On my first machine running Unbound DNS docker container, I'd go edit
$HOME/mylan/dns/config/a-records.conf to add this new line
local-data: "pages.mylan.local. IN A 192.168.1.56" and restart the container.
cd $HOME/mylan/dns # edit config/a-records.conf to add a new record for pages.mylan.local docker compose restart
Add web server
I also need the additional reverse proxy web server just like the one I created enable access to
cd $HOME/mylan/rp/conf.d cp gitlab.conf pages.conf # edit pages.conf accordingly # just changing "server_name" line as below will suffice ### server_name pages.mylan.local; # once the new file is ready, restart the server cd $HOME/mylan/rp docker compose restart rp
Access the Pages site
GitLab Pages is now enabled, web contents were uploaded by GitLab Runner as instructed in the
.gitlab-ci.yml file, DNS record and reverse proxy for
pages.mylan.local is both ready, and all is set! I can now access the URL and see below website.
GitLab Pages and Mkdocs
The first example requires me to prepare all the html, css, and other files to be published on GitLab Pages. In this and the following sections, I will have GitLab Runner execute a static site generator program to prepare html and all the other files that builds up a website.
I am going to use Mkdocs in this section.
Let me start this by creating a new project named "mkdocs" under the existing "pages" group, and start placing required files. I can see in the getting started page in the Mkdocs documentation that the minimal setup is to have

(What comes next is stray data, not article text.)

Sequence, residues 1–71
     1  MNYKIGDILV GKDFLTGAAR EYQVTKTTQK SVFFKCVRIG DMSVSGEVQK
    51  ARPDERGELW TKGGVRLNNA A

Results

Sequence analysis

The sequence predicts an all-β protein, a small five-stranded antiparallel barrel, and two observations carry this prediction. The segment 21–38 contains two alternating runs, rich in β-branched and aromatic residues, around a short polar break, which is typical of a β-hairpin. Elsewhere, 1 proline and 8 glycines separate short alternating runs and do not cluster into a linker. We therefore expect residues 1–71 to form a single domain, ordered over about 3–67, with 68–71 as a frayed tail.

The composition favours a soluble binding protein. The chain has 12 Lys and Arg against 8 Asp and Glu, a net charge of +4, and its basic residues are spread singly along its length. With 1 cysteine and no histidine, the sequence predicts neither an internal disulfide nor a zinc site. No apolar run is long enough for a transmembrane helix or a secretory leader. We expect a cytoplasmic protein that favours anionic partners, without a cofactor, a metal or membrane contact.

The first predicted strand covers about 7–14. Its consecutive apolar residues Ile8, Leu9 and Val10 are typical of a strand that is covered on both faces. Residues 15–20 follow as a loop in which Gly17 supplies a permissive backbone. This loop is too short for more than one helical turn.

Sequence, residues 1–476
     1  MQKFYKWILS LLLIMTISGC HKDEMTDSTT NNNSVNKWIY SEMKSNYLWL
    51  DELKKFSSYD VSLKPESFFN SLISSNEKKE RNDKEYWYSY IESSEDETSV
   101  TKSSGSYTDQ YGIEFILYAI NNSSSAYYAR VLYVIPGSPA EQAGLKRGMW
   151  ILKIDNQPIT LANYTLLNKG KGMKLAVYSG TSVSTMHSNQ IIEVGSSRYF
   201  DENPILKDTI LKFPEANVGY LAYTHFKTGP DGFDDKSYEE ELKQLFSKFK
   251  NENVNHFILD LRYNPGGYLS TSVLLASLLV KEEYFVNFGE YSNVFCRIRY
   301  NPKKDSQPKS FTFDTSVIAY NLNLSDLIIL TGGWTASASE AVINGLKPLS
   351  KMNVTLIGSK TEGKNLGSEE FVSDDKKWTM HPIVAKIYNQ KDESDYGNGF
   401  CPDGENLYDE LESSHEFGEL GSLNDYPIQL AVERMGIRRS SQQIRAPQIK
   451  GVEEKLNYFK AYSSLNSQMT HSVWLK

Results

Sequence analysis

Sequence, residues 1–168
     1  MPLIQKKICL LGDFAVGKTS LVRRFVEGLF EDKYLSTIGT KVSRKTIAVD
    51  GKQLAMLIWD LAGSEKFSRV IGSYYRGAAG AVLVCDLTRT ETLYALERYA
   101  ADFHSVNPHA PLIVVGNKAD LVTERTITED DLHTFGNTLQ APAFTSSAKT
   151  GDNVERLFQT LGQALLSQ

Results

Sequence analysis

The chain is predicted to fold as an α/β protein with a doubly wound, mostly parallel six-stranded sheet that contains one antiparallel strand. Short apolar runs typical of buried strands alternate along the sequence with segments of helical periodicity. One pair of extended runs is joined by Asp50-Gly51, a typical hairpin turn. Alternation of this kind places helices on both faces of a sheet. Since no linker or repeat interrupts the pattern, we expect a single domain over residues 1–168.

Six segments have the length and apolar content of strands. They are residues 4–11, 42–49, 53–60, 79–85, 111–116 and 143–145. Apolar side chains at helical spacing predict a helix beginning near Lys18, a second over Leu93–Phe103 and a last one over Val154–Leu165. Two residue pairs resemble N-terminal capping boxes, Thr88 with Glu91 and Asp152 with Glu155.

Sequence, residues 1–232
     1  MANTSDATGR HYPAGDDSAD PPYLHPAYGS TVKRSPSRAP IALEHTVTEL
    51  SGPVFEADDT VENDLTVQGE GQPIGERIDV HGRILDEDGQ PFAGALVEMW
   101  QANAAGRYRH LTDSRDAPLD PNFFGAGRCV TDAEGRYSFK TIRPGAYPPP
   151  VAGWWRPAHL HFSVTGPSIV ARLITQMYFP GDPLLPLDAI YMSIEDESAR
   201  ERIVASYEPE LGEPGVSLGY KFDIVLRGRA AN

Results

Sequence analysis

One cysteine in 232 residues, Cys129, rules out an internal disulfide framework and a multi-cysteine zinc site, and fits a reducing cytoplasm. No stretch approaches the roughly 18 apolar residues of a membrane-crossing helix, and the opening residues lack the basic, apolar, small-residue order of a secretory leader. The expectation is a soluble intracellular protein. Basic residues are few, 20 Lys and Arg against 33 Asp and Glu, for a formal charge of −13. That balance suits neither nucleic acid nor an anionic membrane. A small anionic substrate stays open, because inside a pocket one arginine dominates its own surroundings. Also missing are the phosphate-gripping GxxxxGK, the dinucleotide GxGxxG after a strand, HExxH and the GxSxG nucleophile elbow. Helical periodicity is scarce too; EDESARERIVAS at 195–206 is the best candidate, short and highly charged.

mkdocs.yml file and
docs directory with markdown files, but in this section let me go directly with what I ended up with including the customization and plugins.
Here is the
/requirements.txt file. This is rather for GitLab Runner to use. Mkdocs runs in python, so in CI/CD job, the runner will use python image to install these packages, and then run Mkdocs to generate website contents to upload on GitLab Pages.
# Mkdocs mkdocs # Theme mkdocs-material # Plugins mkdocs-git-revision-date-plugin mkdocs-mermaid2-plugin mkdocs-awesome-pages-plugin
/docs directory and I can add markdown files and subdirectories however I like. Below tree output is what I ended up with. I will just cover one md filie later in the section along with a screenshot.
.pages file is for Mkdocs to use. It just contains one line telling Mkdocs what to label this folder.
You may notice the numbering on directories and files under
/docs. I am doing so so that the markdown_extensions automatically generates TOC and places contents in order.
❯ tree . |-requirements.txt |-.git |-docs | |-index.md | |-20_placeholder | | |-.pages | | |-100.md | |-10_blog | | |-.pages | | |-105_posts.md | | |-100_posts.md |-README.md |-mkdocs.yml
Now I add
.gitlab-ci.yml file. There is an example GitLab project for Mkdocs in the link below, and has the
.gitlab-ci.yml example I can just copy and use. I have removed the python image tag so that the latest version available will be used.